OSHIMA, Japan -- A decade ago this week, elements of III Marine Expeditionary Force raced north into freezing temperatures of Northeast Japan to answer an allied call for help after the devastating March 11, 2011 Great East Japan Earthquake, tsunami and nuclear disaster. The 3D Marine Expeditionary Brigade flew to Sendai to set up a Forward Command Element with the Japan Self Defense Force. And simultaneously, Joint Force units from across the region under U.S. Indo-Pacific Command were sent to many other areas of Japan devastated by the disaster, all as part of Operation Tomodachi.
One of the units that responded was the 31st Marine Expeditionary Unit, which after turning around from a planned disaster relief exercise in Indonesia, landed on the small isolated island of Oshima on March 27, 2011 to deliver electrical utility vehicles to restore power, and later to begin massive debris clearance operations.
Prior to the Marines’ arrival, the islanders had received no outside assistance, as the ports had been blocked with debris, ferries washed ashore, and all connection to the mainland was severed. The tsunami wave reaching more than 40 feet high washed completely over the center saddle of the island, destroying everything in its path.
On March 7, 2021, Marines from the U.S. Embassy Tokyo and 3D Marine Expeditionary Brigade attended the Oshima Island 10-year anniversary of the disaster. The people of the island unveiled a memorial inscribed with “Friendship Forever,” honoring the strong relationship between themselves and Okinawa Marines.
“The relationship that the people of Oshima have with the Marines from Okinawa is strong, lasting and will endure forever,” said Reiko Kikuta, disaster survivor and community organizer. “We are so grateful for their assistance in our time of greatest need, 10 years ago.”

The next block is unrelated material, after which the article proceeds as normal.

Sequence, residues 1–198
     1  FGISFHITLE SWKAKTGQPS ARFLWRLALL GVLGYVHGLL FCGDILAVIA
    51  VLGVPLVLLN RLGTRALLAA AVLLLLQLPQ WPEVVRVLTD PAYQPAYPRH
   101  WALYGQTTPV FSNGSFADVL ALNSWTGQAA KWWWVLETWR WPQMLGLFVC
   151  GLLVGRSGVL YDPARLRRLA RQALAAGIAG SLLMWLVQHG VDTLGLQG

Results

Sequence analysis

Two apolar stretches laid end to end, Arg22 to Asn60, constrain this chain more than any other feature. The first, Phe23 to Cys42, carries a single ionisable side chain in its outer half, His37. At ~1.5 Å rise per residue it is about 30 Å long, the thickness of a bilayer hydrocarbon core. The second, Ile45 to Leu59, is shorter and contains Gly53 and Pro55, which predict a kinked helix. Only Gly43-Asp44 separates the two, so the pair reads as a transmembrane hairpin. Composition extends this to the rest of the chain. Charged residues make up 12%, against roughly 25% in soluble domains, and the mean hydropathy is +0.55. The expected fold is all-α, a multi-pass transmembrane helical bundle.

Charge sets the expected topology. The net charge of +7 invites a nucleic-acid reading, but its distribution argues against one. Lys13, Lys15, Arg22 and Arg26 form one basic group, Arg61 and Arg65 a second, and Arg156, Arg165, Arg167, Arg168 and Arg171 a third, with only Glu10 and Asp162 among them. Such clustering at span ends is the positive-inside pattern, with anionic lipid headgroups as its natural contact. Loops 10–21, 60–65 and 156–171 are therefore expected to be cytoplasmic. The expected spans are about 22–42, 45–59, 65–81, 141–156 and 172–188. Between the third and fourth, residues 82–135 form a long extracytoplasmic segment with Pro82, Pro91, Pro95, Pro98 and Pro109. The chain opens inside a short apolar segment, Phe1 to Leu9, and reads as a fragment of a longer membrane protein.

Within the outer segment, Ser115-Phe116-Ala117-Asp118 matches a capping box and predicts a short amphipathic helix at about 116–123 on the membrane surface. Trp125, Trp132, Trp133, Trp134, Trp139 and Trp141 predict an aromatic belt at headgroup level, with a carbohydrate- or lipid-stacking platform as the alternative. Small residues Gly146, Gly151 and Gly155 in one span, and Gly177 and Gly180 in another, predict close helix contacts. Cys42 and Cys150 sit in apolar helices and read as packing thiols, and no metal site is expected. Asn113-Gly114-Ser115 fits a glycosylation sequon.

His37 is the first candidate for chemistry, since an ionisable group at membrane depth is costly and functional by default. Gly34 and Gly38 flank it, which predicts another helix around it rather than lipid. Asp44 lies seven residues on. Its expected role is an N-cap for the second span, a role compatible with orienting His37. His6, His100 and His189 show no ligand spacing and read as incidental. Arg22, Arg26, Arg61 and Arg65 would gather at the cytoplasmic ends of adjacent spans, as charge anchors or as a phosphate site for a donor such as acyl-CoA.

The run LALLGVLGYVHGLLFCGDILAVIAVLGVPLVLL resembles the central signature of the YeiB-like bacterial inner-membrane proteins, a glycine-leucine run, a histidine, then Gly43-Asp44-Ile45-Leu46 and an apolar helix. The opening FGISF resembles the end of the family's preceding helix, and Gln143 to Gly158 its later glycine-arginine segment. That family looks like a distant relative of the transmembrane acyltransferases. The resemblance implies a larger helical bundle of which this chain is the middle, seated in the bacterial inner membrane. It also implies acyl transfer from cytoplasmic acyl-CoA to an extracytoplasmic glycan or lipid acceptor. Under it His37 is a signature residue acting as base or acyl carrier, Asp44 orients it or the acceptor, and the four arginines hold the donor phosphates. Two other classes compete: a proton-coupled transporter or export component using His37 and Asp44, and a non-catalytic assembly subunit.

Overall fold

A Marine at the ceremony commented, “The people of Oshima are heroes. They survived losing everything they owned in a terrible disaster, yet they maintained their positive attitude and worked even harder than the Marines did to clear debris, restore order and rebuild. They are an example of perseverance through adversity and of indomitable spirit despite overwhelming odds.”
Attendees at the ceremony included city officials and residents of the island who survived the disaster and worked with the 31st Marine Expeditionary Unit to relieve suffering in the area. According to officials, the work underscored the importance of interoperability with our Japan Self-Defense Force partners in support of the Japan/US alliance.
“The Marine Corps work in Northeast Japan during Operation Tomodachi with the Japan Self Defense Forces was one of the most important alliance building events in the last few decades,” said Lt. Col. Paul Bartok, Marine Attaché, US Embassy Tokyo. “As the 3D MEB moved quickly into Sendai, the 31st MEU worked on Oshima, and U.S. forces rushed to the aid of our friends and neighbors throughout Tohoku, we worked through complex issues and learned valuable lessons about interoperability and crisis response that we continue to use today. If ever called upon in the future, the Marine Corps and the Joint Force is better able to respond with our Japanese allies because of the hard work done ten years ago in that crisis.